TNGator wrote:I saw something on the AIKEA site which might be useful. A large mesh laundry bag. I have some spare mineral wool but its on a roll. Hard to work with and get into a frame. Shoved down into a large mesh bag it would be easy to experiment with. The bag is only a fiver. Cant go wrong there. Two of them and i could test them in two corners.

Why bother? you don't need the mesh bag for anything other than cosmetics, leaving the insulation in the plastic bag it came in will be just as effective at low frequencies. Just shove a couple of bags the corners and see if the room sounds better. :thumbup:
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Re: Tackling room resonances

Postby TNGator » Fri Aug 16, 2019 7:10 am

James Perrett wrote:
TNGator wrote:Is that the multi coloured stuff? I have that under the carpet in the front room.

This is the stuff I used

https://www.tradepriced.co.uk/duralay_s ... erlay.html

It seems to help cut out most external noise apart from low flying Chinooks.

:thumbup:
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Re: Tackling room resonances

Postby TNGator » Sat Aug 17, 2019 10:28 pm

Sam Spoons wrote:
TNGator wrote:I saw something on the AIKEA site which might be useful. A large mesh laundry bag. I have some spare mineral wool but its on a roll. Hard to work with and get into a frame. Shoved down into a large mesh bag it would be easy to experiment with. The bag is only a fiver. Cant go wrong there. Two of them and i could test them in two corners.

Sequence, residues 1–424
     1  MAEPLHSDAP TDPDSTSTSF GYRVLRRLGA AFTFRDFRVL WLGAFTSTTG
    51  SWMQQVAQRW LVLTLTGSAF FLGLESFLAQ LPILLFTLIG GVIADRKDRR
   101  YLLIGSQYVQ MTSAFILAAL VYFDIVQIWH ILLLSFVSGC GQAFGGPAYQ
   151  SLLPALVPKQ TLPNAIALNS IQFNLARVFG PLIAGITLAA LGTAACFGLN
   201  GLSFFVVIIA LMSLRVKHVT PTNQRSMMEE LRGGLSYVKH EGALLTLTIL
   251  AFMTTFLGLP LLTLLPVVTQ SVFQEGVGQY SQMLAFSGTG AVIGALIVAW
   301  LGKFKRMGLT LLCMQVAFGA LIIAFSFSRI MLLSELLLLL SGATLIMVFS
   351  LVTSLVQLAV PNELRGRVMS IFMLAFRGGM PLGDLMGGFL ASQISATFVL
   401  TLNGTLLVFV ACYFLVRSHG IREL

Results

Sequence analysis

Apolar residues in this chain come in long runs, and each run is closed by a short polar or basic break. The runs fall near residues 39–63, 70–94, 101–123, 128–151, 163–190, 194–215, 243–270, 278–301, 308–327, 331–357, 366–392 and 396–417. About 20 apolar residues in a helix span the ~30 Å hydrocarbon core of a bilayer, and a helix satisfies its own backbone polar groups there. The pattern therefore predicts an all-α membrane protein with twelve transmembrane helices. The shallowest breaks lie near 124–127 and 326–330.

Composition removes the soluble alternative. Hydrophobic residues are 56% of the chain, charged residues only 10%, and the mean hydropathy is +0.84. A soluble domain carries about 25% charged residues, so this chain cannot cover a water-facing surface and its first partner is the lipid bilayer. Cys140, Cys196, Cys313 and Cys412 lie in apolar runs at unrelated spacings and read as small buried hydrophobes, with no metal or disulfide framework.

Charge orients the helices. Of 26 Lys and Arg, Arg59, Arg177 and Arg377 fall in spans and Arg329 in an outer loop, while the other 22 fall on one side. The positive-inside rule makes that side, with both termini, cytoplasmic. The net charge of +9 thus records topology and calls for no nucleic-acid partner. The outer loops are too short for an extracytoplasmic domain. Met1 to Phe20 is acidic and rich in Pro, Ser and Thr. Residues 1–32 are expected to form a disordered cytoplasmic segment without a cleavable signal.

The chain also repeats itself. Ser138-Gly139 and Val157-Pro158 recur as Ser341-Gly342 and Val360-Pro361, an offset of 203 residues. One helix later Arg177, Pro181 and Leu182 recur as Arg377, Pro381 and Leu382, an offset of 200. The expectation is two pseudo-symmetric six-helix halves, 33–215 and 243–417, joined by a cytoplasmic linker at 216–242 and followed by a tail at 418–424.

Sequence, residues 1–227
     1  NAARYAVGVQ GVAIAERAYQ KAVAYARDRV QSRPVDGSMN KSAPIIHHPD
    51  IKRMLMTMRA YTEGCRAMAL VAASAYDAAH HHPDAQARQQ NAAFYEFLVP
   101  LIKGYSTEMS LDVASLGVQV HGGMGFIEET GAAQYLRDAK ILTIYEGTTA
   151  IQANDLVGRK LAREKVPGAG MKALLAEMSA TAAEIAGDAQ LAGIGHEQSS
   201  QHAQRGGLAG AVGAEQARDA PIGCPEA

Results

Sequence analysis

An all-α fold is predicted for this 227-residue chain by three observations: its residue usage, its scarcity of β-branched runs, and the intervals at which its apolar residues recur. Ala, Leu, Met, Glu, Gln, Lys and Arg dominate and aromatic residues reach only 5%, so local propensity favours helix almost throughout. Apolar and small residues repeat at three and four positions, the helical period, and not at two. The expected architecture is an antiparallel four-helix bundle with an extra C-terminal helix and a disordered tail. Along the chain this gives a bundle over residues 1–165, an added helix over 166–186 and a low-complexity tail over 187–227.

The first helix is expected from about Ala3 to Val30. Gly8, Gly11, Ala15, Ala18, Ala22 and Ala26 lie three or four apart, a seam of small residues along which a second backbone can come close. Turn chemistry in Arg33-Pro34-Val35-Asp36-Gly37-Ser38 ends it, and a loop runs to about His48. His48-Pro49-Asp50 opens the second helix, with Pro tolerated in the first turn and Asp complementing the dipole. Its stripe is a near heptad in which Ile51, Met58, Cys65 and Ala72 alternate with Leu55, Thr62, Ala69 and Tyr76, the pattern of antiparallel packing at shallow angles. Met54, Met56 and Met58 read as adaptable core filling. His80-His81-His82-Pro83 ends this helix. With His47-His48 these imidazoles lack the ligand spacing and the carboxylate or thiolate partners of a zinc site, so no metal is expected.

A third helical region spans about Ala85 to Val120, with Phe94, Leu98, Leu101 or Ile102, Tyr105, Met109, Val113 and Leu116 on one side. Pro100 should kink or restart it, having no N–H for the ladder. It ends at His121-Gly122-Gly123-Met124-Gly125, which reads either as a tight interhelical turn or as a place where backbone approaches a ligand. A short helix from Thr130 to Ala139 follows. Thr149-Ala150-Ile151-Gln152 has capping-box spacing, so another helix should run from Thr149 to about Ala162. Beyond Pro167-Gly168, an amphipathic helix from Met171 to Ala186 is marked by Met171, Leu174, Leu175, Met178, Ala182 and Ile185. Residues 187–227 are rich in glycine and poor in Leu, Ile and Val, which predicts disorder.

Why bother? you don't need the mesh bag for anything other than cosmetics, leaving the insulation in the plastic bag it came in will be just as effective at low frequencies. Just shove a couple of bags the corners and see if the room sounds better. :thumbup:
To be honest I thought the plastic would simply bounce all frequencies back. I didnt think anything would get through. Quick question. As its most likely the low frequencies that cause problems, when looking at a room sweep graph, should i concentrate only on frequencies below a certain value. Say everything below 400 Hz for example. Or even from 6 or 700 down maybe?
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Re: Tackling room resonances

Postby Martin Walker » Sun Aug 18, 2019 2:23 am

TNGator wrote:To be honest I thought the plastic would simply bounce all frequencies back. I didnt think anything would get through.

Imagine yourself standing on the other side of that plastic - what frequencies would you still hear? Most of them, apart from the very high ones ;)


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Re: Tackling room resonances

Postby TNGator » Sun Aug 18, 2019 3:44 am

Martin Walker wrote: